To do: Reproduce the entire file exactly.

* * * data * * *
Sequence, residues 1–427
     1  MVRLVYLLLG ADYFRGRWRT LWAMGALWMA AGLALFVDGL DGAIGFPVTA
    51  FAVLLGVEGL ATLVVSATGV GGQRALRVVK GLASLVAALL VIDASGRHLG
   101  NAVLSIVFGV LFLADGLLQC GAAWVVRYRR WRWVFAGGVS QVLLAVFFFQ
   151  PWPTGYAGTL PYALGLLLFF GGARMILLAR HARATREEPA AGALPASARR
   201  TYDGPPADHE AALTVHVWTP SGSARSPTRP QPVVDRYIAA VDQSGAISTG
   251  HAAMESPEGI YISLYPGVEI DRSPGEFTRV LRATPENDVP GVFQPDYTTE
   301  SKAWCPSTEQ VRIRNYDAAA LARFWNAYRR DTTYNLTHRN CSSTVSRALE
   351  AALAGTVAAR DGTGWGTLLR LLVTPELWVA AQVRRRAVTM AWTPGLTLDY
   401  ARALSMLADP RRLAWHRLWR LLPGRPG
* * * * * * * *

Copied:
Sequence, residues 1–427
     1  MVRLVYLLLG ADYFRGRWRT LWAMGALWMA AGLALFVDGL DGAIGFPVTA
    51  FAVLLGVEGL ATLVVSATGV GGQRALRVVK GLASLVAALL VIDASGRHLG
   101  NAVLSIVFGV LFLADGLLQC GAAWVVRYRR WRWVFAGGVS QVLLAVFFFQ
   151  PWPTGYAGTL PYALGLLLFF GGARMILLAR HARATREEPA AGALPASARR
   201  TYDGPPADHE AALTVHVWTP SGSARSPTRP QPVVDRYIAA VDQSGAISTG
   251  HAAMESPEGI YISLYPGVEI DRSPGEFTRV LRATPENDVP GVFQPDYTTE
   301  SKAWCPSTEQ VRIRNYDAAA LARFWNAYRR DTTYNLTHRN CSSTVSRALE
   351  AALAGTVAAR DGTGWGTLLR LLVTPELWVA AQVRRRAVTM AWTPGLTLDY
   401  ARALSMLADP RRLAWHRLWR LLPGRPG